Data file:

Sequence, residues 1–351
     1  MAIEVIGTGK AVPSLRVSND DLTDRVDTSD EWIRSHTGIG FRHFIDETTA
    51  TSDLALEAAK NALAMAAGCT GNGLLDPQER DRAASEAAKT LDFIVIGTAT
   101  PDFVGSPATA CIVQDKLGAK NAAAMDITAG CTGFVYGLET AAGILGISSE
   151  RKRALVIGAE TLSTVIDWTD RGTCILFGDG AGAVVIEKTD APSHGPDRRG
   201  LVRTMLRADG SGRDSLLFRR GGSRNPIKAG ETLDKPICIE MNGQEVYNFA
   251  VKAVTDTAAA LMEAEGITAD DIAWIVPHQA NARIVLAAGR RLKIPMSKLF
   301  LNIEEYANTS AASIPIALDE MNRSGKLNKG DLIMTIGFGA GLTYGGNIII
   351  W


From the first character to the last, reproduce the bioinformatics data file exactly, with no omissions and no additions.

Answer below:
Sequence, residues 1–351
     1  MAIEVIGTGK AVPSLRVSND DLTDRVDTSD EWIRSHTGIG FRHFIDETTA
    51  TSDLALEAAK NALAMAAGCT GNGLLDPQER DRAASEAAKT LDFIVIGTAT
   101  PDFVGSPATA CIVQDKLGAK NAAAMDITAG CTGFVYGLET AAGILGISSE
   151  RKRALVIGAE TLSTVIDWTD RGTCILFGDG AGAVVIEKTD APSHGPDRRG
   201  LVRTMLRADG SGRDSLLFRR GGSRNPIKAG ETLDKPICIE MNGQEVYNFA
   251  VKAVTDTAAA LMEAEGITAD DIAWIVPHQA NARIVLAAGR RLKIPMSKLF
   301  LNIEEYANTS AASIPIALDE MNRSGKLNKG DLIMTIGFGA GLTYGGNIII
   351  W